The Canceling Among Us


Elyssa Huff, Writer

The tearful celebrity sits in front of a carefully placed phone, streaming her apology to millions of fans on Instagram Live. The week before, she was under scrutiny for past comedy sketches that included blackface. Today, it’s for past denigrating comments toward minority groups that, with the help of teenage internet journalists, have recently come to light. Now, as the comments roll in and the view count ticks, the reality of the situation becomes apparent: she is cancelled. 


Similar to many aspects of modern life, cancel culture has evolved into a complex entity. What began largely with reputational blacklisting in mid century Hollywood has become a sort of hub for Gen-Z activism to address inappropriate and problematic behavior. Becoming popular with the #MeToo movement, which led to the firing, arrest and conviction of sexual predator Harvey Weinstein, the culture has only further gained steam this summer with the Black Lives Matter movement. Ranging from the cancelling of careers entirely to the popular internet callout trend of “This you?” posts, cancellation can occur in many forms. 


So what does it mean, exactly, to be cancelled? I went on a personal journey to discover the intricacies of cancel culture in the modern world, scrolling through Twitter and the information that it spreads. While doing so, I witnessed the “cancellation” of two major celebrities online: Shane Dawson and Jenna Marbles. Both were under fire for past racial remarks and sketches (although Dawson’s problems extended to accusations of pedophilia and beastiality) that resurfaced amid the current racial tumult. Both had dealt with these accusations in the past and had to defend themselves in a current light. Yet, both of their circumstances were different. 


As far as what makes them different, well, the devil’s in the details. Marbles released an apology video that took full responsibility for her past actions, in which she announced that she would be stepping back from her public platform permanently. Dawson, on the other hand, released a video that largely deflected the blame, before embarking on an impromptu Instagram Live that at once called one of his principal accusers, Tati Westbrook, manipulative, and trivialized her past experiences with abuse. After a few minutes laced with various “Oh my God”s and hysterical rambling, the stream stopped abruptly as Dawson’s fiancé urged him to end it.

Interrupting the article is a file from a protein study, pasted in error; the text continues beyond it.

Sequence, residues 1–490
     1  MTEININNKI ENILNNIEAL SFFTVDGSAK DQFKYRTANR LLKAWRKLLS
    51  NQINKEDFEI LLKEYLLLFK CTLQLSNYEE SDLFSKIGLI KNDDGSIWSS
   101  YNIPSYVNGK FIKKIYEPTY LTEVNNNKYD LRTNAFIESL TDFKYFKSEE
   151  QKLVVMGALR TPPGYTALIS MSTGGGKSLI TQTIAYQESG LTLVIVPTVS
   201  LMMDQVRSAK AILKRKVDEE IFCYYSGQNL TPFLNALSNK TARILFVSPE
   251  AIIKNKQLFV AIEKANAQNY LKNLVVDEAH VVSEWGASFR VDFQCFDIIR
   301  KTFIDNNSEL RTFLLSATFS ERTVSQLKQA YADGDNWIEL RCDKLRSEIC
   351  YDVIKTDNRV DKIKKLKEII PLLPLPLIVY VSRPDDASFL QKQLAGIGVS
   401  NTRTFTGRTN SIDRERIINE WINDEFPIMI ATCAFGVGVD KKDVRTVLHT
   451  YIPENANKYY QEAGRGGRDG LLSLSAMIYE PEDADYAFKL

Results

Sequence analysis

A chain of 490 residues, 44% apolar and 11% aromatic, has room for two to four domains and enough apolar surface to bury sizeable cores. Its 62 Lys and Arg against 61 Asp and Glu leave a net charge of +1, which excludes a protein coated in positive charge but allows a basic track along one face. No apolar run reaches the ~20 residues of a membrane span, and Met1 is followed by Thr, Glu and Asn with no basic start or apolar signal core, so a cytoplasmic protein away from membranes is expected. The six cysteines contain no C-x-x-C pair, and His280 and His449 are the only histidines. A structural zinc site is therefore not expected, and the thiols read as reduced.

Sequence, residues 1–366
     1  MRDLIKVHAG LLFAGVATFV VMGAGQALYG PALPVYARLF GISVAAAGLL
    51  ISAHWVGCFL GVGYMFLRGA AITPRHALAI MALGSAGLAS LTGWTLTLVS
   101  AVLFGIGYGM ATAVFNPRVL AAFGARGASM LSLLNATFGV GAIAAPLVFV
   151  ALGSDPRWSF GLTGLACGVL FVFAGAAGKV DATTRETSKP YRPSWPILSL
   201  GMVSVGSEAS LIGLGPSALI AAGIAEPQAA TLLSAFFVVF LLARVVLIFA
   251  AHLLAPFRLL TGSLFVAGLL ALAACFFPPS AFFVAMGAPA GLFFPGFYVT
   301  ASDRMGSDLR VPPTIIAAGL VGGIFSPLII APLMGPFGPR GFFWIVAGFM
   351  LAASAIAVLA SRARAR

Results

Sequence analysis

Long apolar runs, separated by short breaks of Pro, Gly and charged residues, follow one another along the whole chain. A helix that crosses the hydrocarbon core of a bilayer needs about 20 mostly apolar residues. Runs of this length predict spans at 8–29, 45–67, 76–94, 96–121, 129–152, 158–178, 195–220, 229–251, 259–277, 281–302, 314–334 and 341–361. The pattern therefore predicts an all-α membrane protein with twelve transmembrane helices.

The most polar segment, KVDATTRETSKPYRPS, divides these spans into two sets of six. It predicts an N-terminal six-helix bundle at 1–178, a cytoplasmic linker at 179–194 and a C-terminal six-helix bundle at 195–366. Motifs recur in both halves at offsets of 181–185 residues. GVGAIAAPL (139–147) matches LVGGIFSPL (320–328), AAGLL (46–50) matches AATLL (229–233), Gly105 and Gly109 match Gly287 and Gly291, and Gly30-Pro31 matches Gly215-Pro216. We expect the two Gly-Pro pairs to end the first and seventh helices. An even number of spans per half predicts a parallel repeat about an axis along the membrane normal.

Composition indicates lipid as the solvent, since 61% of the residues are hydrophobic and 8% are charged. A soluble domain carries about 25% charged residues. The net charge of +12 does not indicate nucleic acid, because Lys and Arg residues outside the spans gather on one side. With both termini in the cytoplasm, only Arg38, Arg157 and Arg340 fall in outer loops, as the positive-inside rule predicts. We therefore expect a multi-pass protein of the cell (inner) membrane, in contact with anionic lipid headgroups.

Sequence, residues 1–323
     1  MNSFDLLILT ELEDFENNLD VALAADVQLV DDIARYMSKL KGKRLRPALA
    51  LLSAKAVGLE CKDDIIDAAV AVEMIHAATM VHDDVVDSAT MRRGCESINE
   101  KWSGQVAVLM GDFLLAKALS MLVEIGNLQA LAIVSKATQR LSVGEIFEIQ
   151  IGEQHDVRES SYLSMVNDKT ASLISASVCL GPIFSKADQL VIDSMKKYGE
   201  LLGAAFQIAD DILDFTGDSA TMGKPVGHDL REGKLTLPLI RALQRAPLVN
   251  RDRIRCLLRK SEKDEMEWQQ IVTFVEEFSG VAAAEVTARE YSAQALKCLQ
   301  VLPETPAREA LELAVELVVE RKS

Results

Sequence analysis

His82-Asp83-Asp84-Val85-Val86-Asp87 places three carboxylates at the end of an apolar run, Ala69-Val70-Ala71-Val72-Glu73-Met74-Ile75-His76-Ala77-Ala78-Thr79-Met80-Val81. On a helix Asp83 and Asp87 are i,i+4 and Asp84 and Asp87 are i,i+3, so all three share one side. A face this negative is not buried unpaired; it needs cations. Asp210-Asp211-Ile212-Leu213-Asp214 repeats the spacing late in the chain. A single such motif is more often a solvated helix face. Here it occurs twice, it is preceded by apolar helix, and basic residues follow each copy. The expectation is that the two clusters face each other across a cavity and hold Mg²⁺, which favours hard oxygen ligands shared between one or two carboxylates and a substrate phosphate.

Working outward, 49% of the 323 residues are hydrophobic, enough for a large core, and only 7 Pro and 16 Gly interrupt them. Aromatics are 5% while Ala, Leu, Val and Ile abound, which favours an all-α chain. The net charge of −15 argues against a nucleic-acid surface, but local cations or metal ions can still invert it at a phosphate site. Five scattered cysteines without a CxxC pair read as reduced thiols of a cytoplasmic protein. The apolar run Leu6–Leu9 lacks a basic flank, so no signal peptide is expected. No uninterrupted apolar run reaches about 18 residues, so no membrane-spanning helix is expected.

Both of these occurrences and their aftermaths speak volumes for the very definition of cancel culture. For Dawson, the public outcry was immediate, the gavel of justice swinging without mercy. Thousands of hate comments poured in, and organizations openly distanced themselves from him. This is strikingly different from online reaction to Marbles. On Twitter alone, there seems to be an outpouring of sympathy toward Marbles and her perceived plight. Whenever I hear people speak of the limitations to free speech that cancel culture might pose, I think of this, in which the internet as a whole was able to recognize the difference between the two situations. Saying that cancel culture is one of the worst creatures to evolve in the modern world, at least in my opinion, neglects to mention the nuances of each case. Through the reactions to these two separate personas, cancel culture morphed into something more along the lines of accountability culture; one of the two took responsibility for and owned up to her past actions, while the other did not. That’s what makes the difference. 


All of this, the social cancellation at the hands of millions of Twitter users, neglects the symbolic role that capitalism seems to play in these exchanges. While social cancellation is a very real event, it’s when it becomes economic that the true effects become visible. Arguably the main moment of Dawson’s cancellation occurred when Target dropped him, refusing to carry his books in its stores. When companies take action to help “cancel” celebrities, it’s good PR. They, the golden idols of capitalism, professionally blacklist a currently hated figure, financially strangling and removing revenue from lining the figure’s pockets. Although economic cancellation can be the driving force behind the career cancellation of a celebrity, this woke sort of capitalism does not result in any sort of institutional change. As Helen Lewis writes in her article in The Atlantic, a PR victory is no real victory at all, as “the pitchforks go down, but the corporate culture remains the same.” 


It’s easy for a company to save face on a problematic past by hopping aboard the cancel train. It’s easy to give employees a copy of White Fragility and release a statement disavowing racism. These are not heroic actions. It’s not easy to create real, institutional change. It’s not easy to change the corporate culture. Cancel culture can help to facilitate this; it can also hinder any sort of development by deflecting blame.


These nuances are what, at least in my view, allow cancel culture to resist classification as a purely good or bad entity. It does some good in that it holds people accountable for their actions. It does worse in its internet mob of angry people, or the woke companies who wish to gain public PR points by disingenuously promising change and progress.


Two weeks have passed. In the meantime, the celebrity has continued her daily routine, with one key difference: there are no more videos. She has remained a recluse in her home, its decadent halls reminding her of the steady stream of wealth her fans once provided her. 


She posts a video today, this one happy and carefree. It makes no reference to the botched apology but as its content follows her around for the day. There is no sponsorship. The view count barely reaches into the thousands, consisting of the few diehard fans who cling to her. She sighs and closes the computer. She has grown used to the life of a cancelled celebrity.